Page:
Coal may exist in large quantities geologically, but economically, it's getting out of reach, as confirmed by US Geological Survey in studies indicating that less than 20 percent of US coal formations are economically recoverable, as explored in the CEA report. To Glustrom, that number plus others translate to 10 to 20 years more of burning coal in the US. It takes capital, accessible coal with good heat content and favorable market conditions to assure that mining companies will stay in business. She has observed a classic disconnect between camps of professionals in which geologists tend to assume money is "infinite" and financial analysts tend to assume that available coal is "infinite." Both biases are faulty and together they court disaster, and "it is only by combining thoughtful estimates of available coal and available money that our country can come to a realistic estimate of the amount of US coal that can be mined at a profit." This brings us back to her main and rather simple point: "If the companies cannot make a profit by mining coal they won't be mining for long."

    No one is more emphatic than Glustrom herself that she cannot predict the future, but she presents trend lines that are robust and confirmed assertively by the editorial board at West Virginia Gazette:

    Although Clean Energy Action is a "green" nonprofit opposed to fossil fuels, this study contains many hard economic facts. As we've said before, West Virginia's leaders should lower their protests about pollution controls, and instead launch intelligent planning for the profound shift that is occurring in the Mountain State's economy.

    The report "Warning, Faulty Reporting of US Coal Reserves" and its companion reports belong in the hands of energy and climate policy makers, investors, bankers, and rate payer watchdog groups, so that states can plan for, rather than react to, a future with sea change risk factors.

    [Clean Energy Action is fundraising to support the dissemination of this report through December 11. Contribute here.]

    It bears mentioning that even China is enacting a "peak coal" mentality, with Shanghai declaring that it will completely ban coal burning in 2017 with intent to close down hundreds of coal burning boilers and industrial furnaces, or shifting them to clean energy by 2015. And Citi Research, in "The Unimaginable: Peak Coal in China," took a look at all forms of energy production in China and figured that demand for coal will flatten or peak by 2020 and those "coal exporting countries that have been counting on strong future coal demand could be most at risk." Include US coal producers in that group of exporters.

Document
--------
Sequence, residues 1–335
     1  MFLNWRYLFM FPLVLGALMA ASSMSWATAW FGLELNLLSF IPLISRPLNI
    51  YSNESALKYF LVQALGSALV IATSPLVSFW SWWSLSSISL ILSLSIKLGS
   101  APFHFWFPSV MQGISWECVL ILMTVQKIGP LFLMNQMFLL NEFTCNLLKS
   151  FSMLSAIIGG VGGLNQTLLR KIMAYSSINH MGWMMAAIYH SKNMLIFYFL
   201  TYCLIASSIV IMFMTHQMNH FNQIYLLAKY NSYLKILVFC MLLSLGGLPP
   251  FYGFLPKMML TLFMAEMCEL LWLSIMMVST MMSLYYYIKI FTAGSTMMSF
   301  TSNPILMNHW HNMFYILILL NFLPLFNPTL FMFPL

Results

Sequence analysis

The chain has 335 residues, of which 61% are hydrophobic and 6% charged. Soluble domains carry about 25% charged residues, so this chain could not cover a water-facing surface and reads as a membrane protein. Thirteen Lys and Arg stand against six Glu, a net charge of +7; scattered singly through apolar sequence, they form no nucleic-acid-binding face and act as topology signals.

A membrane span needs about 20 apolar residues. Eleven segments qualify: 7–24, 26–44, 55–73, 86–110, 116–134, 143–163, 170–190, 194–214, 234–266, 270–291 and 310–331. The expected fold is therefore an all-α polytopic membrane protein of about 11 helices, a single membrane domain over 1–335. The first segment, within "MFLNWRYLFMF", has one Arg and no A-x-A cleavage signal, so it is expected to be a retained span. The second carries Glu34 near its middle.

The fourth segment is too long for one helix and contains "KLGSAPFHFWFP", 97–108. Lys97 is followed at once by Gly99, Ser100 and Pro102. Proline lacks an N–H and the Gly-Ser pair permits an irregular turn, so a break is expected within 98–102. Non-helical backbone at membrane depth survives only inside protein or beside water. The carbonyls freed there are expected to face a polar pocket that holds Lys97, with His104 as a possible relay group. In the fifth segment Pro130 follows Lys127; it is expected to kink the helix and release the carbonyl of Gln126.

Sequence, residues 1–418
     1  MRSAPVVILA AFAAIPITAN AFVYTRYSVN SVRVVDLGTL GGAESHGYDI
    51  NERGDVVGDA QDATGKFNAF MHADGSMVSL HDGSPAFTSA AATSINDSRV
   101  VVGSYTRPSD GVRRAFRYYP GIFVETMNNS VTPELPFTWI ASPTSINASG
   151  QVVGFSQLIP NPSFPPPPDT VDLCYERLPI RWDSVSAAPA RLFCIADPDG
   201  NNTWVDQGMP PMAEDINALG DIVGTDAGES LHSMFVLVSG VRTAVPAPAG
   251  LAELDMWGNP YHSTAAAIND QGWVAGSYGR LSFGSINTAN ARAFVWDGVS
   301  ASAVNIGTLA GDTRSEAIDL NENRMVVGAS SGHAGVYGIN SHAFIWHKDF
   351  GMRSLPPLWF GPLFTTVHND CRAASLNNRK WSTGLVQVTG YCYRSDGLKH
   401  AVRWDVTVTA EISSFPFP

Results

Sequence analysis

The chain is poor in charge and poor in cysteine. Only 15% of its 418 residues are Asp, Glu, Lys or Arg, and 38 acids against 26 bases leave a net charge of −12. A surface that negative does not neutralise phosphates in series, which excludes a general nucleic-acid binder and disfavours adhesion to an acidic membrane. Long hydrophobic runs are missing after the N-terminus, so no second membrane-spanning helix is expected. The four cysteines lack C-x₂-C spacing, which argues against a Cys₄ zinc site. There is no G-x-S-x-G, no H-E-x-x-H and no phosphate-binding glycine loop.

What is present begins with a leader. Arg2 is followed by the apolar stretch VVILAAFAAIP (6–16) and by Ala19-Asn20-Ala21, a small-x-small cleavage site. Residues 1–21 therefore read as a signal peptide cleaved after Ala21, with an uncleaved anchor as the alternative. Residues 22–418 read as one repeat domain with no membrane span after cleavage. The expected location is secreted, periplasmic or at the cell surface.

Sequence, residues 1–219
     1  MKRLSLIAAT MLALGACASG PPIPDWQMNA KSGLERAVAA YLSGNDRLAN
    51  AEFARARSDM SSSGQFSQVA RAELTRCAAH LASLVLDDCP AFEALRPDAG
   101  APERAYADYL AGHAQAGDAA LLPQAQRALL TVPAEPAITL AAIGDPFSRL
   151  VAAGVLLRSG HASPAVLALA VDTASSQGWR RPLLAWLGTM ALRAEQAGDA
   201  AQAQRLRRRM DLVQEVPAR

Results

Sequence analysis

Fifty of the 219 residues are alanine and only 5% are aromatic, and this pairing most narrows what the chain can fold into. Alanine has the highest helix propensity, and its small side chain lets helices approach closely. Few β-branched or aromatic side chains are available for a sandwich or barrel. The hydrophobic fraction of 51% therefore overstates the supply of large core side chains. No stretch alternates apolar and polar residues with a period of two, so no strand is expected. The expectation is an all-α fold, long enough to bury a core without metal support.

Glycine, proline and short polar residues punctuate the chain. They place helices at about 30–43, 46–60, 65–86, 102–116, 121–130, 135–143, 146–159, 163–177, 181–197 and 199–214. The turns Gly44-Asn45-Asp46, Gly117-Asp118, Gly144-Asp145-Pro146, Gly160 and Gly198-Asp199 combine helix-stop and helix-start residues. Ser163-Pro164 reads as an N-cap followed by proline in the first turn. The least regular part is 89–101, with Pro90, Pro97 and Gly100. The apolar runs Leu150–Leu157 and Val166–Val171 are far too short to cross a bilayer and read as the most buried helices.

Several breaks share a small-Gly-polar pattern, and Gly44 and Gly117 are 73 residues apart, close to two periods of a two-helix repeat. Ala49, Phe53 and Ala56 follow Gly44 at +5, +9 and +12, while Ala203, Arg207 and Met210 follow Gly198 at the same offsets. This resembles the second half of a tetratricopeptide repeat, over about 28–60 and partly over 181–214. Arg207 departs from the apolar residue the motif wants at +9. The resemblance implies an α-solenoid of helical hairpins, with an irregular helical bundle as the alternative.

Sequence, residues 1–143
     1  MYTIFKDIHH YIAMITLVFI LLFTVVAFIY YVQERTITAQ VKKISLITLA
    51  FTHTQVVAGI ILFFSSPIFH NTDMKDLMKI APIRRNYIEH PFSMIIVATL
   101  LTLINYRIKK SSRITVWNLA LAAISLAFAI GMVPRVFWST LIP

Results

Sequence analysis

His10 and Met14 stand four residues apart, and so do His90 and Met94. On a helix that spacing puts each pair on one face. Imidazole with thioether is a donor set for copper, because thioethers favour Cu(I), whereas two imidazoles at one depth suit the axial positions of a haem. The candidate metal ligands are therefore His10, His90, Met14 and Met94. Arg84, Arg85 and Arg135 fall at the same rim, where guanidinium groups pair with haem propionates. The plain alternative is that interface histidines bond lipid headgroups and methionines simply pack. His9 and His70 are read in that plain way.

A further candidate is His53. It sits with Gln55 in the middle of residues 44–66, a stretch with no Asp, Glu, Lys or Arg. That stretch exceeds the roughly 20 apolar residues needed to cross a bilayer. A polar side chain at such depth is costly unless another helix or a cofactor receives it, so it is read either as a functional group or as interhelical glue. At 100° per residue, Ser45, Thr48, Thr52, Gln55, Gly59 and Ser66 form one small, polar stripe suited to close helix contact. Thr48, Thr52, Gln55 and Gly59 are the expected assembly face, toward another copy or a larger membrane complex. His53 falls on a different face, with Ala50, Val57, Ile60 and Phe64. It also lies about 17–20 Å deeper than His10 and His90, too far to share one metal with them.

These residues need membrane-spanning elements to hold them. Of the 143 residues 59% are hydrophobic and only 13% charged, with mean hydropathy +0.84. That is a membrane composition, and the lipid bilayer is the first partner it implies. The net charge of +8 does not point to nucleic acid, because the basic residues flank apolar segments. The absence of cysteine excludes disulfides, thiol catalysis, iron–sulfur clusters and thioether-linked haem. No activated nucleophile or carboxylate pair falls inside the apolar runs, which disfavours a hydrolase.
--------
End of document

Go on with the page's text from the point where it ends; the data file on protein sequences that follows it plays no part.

Our world is undergoing many sorts of change and upheaval. We in the industrialized world have spent about a century dismissing ocean trash, overfishing, pesticides, nuclear hazard, and oil and coal burning with a shrug of, "Hey it's fine, nature can manage it." Now we're surrounded by impacts of industrial-grade consumption, including depletion of critical resources and tipping points of many kinds. It is not enough to think of only ourselves and plan for strictly our own survival or convenience. The threat to animals everywhere, indeed to whole systems of the living, is the grief-filled backdrop of our times. It's "all hands on deck" at this point of human voyaging, and in our nation's capital, we certainly don't have that. Towns, states and regions need to plan fiercely and follow through. And a fine example is Boulder Colorado's recent victory to keep on track for clean energy by separating from its electric utility that makes 59 percent of its power from coal.

    Clean Energy Action is disseminating "Warning: Faulty Reporting of US Coal Reserves" for free to all manner of relevant professionals who should be concerned about long range trends which now include the supply risks of coal, and is supporting that outreach through a fundraising campaign.

    [Clean Energy Action is fundraising to support the dissemination of this report through December 11. Contribute here.]

    Author's note: Want to support my work? Please "fan" me at Huffpost Denver, here (http://www.huffingtonpost.com/anne-butterfield). Thanks.

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    Anne's previous NewEnergyNews columns:

  • Another Tipping Point: US Coal Supply Decline So Real Even West Virginia Concurs (REPORT), November 26, 2013
  • SOLAR FOR ME BUT NOT FOR THEE ~ Xcel's Push to Undermine Rooftop Solar, September 20, 2013
  • NEW BILLS AND NEW BIRDS in Colorado's recent session, May 20, 2013
  • Lies, damned lies and politicians (October 8, 2012)
  • Colorado's Elegant Solution to Fracking (April 23, 2012)
  • Shale Gas: From Geologic Bubble to Economic Bubble (March 15, 2012)
  • Taken for granted no more (February 5, 2012)
  • The Republican clown car circus (January 6, 2012)
  • Twenty-Somethings of Colorado With Skin in the Game (November 22, 2011)
  • Occupy, Xcel, and the Mother of All Cliffs (October 31, 2011)
  • Boulder Can Own Its Power With Distributed Generation (June 7, 2011)
  • The Plunging Cost of Renewables and Boulder's Energy Future (April 19, 2011)
  • Paddling Down the River Denial (January 12, 2011)
  • The Fox (News) That Jumped the Shark (December 16, 2010)
  • Click here for an archive of Butterfield columns

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    Some details about NewEnergyNews and the man behind the curtain: Herman K. Trabish, Agua Dulce, CA., Doctor with my hands, Writer with my head, Student of New Energy and Human Experience with my heart

    email: herman@NewEnergyNews.net

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    Your intrepid reporter